Fifth Third’s provision expense in the first quarter was $62 million, compared to $76 million in the prior fourth quarter, and a provision of $91 million a year ago. Net charge-offs, bad loans written off as uncollectible, dropped last quarter to $133 million, the lowest level since the second quarter of 2007.

The loan loss provision is money taken from revenues during the quarter that get added to a fund to cover potential loan losses — both known and potential losses. It is not the same amount as actual bad loans.

At Park National, the parent company of Springfield’s Security National Bank, the first quarter loan loss provision declined to $329,000 from $5.2 million the quarter before and $8.3 million the same quarter of 2012. Last year’s amount was impacted by the sale of Vision Bank.

Security is the bank market leader in Clark County.

“As credit trends have improved as a result of the improving economy … there have been fewer loan losses realized at the bank,” said Matt Miller, chief accounting officer of Park. “That’s another great indication the economy is getting better.”

3. Housing market activity strong

When Park reported earnings April 19, they contained about a 46 percent rise in other service income to $3.99 million, mostly driven by fee revenues related to mortgage originations.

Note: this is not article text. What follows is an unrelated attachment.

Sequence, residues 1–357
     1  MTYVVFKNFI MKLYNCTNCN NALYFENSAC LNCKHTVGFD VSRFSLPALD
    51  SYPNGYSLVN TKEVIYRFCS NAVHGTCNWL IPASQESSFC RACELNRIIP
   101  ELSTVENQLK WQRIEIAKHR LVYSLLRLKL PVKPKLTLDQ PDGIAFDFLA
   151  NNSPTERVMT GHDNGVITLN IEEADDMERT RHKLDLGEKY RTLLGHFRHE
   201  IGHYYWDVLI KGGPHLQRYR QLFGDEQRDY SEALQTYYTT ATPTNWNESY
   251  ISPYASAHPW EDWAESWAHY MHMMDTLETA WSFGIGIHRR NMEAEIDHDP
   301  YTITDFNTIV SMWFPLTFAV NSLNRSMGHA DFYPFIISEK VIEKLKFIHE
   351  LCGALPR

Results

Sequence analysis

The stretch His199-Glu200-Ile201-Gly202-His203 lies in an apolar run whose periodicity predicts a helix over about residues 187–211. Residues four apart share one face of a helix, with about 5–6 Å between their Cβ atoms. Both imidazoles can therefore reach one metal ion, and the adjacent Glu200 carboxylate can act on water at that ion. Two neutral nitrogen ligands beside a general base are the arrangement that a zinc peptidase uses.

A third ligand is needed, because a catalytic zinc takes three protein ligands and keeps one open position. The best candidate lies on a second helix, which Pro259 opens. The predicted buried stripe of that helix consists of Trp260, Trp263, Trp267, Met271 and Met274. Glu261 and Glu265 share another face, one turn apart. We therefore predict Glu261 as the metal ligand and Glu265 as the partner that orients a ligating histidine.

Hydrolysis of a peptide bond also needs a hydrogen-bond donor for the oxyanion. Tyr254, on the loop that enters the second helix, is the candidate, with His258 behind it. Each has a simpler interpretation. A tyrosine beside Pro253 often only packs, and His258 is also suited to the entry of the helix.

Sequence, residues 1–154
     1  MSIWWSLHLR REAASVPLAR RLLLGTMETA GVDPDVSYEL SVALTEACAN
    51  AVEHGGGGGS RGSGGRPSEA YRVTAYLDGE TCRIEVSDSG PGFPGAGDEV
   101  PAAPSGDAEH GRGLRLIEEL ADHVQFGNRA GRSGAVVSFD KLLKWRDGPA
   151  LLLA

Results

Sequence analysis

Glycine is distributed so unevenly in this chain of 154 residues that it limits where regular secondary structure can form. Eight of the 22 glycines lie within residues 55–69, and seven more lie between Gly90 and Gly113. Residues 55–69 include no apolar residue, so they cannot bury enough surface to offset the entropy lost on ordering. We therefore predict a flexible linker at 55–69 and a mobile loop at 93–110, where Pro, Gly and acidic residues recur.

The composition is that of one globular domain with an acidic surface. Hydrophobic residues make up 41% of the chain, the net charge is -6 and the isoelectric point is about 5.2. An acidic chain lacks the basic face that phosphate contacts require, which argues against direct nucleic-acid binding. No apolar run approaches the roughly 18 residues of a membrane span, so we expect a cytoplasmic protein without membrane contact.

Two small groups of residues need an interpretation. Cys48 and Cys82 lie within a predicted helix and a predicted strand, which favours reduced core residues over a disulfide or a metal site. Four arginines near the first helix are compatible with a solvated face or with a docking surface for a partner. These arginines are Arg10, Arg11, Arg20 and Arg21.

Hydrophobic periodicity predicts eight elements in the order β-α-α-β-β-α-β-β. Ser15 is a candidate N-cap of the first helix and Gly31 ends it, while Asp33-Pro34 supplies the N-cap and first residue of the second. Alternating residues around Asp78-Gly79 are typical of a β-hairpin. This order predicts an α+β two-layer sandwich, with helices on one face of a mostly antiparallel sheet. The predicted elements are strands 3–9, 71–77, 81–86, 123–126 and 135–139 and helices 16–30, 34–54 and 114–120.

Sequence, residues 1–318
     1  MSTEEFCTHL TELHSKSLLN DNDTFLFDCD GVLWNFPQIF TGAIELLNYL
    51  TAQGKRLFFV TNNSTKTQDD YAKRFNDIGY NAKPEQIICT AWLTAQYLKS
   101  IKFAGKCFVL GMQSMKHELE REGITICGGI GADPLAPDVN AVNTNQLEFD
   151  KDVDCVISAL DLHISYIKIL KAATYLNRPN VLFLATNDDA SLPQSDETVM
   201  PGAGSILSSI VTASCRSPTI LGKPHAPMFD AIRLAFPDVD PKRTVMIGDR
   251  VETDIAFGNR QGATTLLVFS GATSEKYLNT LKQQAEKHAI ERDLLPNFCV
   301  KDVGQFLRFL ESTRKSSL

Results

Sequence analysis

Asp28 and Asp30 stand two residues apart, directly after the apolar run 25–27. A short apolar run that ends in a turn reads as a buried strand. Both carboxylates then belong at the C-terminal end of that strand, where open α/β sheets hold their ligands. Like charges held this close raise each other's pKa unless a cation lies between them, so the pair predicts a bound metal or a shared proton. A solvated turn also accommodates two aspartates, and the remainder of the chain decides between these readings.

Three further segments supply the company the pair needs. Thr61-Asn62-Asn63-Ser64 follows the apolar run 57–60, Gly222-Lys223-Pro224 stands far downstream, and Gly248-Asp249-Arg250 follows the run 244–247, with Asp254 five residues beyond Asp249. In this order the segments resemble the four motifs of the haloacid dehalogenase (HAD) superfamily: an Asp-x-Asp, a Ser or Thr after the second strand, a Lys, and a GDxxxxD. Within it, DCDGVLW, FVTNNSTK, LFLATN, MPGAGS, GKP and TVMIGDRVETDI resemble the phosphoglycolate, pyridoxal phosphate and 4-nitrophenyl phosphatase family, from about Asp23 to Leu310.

Total originations over the past three quarters have been at a high-water mark for the Newark-based bank, said Matt Miller, chief accounting officer of Park. The bank has done more originations, including refinances and purchases, during the past nine months than it has at any time since the recession took place, Miller said.

“For individuals and borrowers out there, they feel better about getting back into the market today and getting back into homeownership,” he said.

Park is the parent company of these area banking divisions: Springfield’s Security National Bank, Piqua’s Unity National Bank and Greenville’s Second National Bank. The company’s footprint consists of a large swath of Ohio.

Park National Bank President David Trautman explained the activity in a statement with quarterly results saying, “This extraordinary interest rate environment for home loans continues to fuel conversations and closings.”